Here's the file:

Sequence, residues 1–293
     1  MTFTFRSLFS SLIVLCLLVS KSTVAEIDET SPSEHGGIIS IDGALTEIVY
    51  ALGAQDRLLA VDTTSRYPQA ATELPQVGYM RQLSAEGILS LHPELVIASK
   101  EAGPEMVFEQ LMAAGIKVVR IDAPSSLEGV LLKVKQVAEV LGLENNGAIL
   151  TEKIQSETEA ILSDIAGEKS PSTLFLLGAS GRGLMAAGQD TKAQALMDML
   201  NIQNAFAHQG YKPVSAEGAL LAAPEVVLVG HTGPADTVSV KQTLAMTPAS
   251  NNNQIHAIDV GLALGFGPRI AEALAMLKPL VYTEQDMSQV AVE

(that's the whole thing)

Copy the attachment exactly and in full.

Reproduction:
Sequence, residues 1–293
     1  MTFTFRSLFS SLIVLCLLVS KSTVAEIDET SPSEHGGIIS IDGALTEIVY
    51  ALGAQDRLLA VDTTSRYPQA ATELPQVGYM RQLSAEGILS LHPELVIASK
   101  EAGPEMVFEQ LMAAGIKVVR IDAPSSLEGV LLKVKQVAEV LGLENNGAIL
   151  TEKIQSETEA ILSDIAGEKS PSTLFLLGAS GRGLMAAGQD TKAQALMDML
   201  NIQNAFAHQG YKPVSAEGAL LAAPEVVLVG HTGPADTVSV KQTLAMTPAS
   251  NNNQIHAIDV GLALGFGPRI AEALAMLKPL VYTEQDMSQV AVE